It is not advisable to have a vasectomy unless you and your partner are sure that you do not want any more children. It is also not advisable to have a vasectomy immediately after or during any big life changes or relationship problems, as you may change your mind after things settle.

It is important to consider some hypothetical scenarios as well: for example if you were to lose all your children in an tragedy, would you regret not being able to have any more children? Or if you were to lose your wife or have to go through a divorce, would you want to have more children with a new partner?

Also some men have a notion that their masculinity is tied to their ability to have children and if this cannot be challenged before the procedure it is likely that it can psychologically affect their ability to enjoy love making with their partner even though biologically, there is no effect on virility.

In conclusion:
As you can see, there are a lot of variables to consider, but on the whole, vasectomies are one of the most effective forms of birth control. It is increasingly becoming one of the more common methods of contraception in developed countries. I encourage you to give this some thought, and to discuss it with your partner and then see your doctor to determine if this is procedure is suitable for you.

Points to remember:

  • Men need to take responsibility to ensure that they and their partners are avoiding unwanted pregnancy.
  • Condoms are 85-98% effective at preventing pregnancy and modern design means there is no compromise on Sensation, Satisfaction and Spontaneity.
  • There is no evidence to suggest that using contraceptives will make a woman add weight.
  • Vasectomy is 99% effective at preventing pregnancy. It is a small surgical procedure but requires thoughtful consideration and counselling.

**Disclaimer: This column is written for patient education. It is not intended to diagnose or prescribe treatment and does not replace the advice of your physician. It in no means attempts to cover the full medical scope of this condition.


  1. Stanley

    March 26, 2019 at 12:30 am

    I have been thinking of this as an option in the past 2 years. One other question will be, are there bigger risk to doing this procedure in Nigeria as against doing it in US for example.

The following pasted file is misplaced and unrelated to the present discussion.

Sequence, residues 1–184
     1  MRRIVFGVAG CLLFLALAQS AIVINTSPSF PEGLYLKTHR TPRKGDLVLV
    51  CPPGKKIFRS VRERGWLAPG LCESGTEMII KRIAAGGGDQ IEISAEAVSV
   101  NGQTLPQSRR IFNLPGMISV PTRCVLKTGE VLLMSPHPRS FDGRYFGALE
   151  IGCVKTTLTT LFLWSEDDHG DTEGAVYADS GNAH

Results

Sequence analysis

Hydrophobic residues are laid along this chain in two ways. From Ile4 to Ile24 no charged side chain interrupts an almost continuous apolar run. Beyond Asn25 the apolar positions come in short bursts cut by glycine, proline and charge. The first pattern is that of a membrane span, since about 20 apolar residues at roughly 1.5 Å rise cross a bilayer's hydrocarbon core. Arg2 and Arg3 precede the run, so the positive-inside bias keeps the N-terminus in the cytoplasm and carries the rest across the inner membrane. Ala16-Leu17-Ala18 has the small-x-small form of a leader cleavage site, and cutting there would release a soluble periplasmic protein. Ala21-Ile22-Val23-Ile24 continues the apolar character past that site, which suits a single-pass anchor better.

The sperm that is produced by the body, that you have said will be reabsorbed back into the body, will that make a man add weight, or does that enhances any side effect.

    • stanley

      March 26, 2019 at 2:42 pm

      or does that cause any side effect. Just corrected my bullet

  2. Dapo

    March 26, 2019 at 1:24 am

    Thanks Doc. This is helpful!

  3. Chynwa

    March 26, 2019 at 8:14 am

    Dr Craig…I’ve missed you.In fact, you’re the only reason I came to this site today. What took you so long to write??? Now, let me go and read 🙂

  4. Mark

    March 27, 2019 at 6:27 pm

    Very well put. It takes two to tango.

    I am scheduled for the procedure in a few weeks. Not looking forward to the procedure or the recovery, but assuming all goes well and there isn’t prolonged and severe PVPS I think the end result will be worth it. I know my wife will be thankful.

    In a day where women have the ability to fail to inform a man of their (willing) failure to take the pill, there is no real reason for a man who is done having children not to get snipped. The consequences of getting trapped by deception are too great. If forced into the dating market men who don’t want more kids, and certainly do not want them on someone else’s terms, should be snipped.

    Men have the same obligation to tell women the truth about the status of their vas deferents as women have to tell men the truth about the status of their adherence to the pill.

    Vasectomy is the most important Declaration of Independence from a family court system and feminist dominated culture that is extreme and unjust in its bias against men.

    Perhaps this is the reason why Vasalgel and Contraline have not yet made it to market.

  5. Mimi

    April 2, 2019 at 8:01 pm

    Mr Angry’s feelings are validated. But so is the woman who has similar feelings about using contraceptives. The truth is we all care about the implications of these various procedures to our bodies, emotions and livelihood.
    Each family ought to consider all possible options on the table and choose what works for them rather than men generally deciding that it’s only the woman who should use contraceptives.
    I’m not yet at this point in my family life but thank you for the information. It’s saved and would be duly used when the time comes.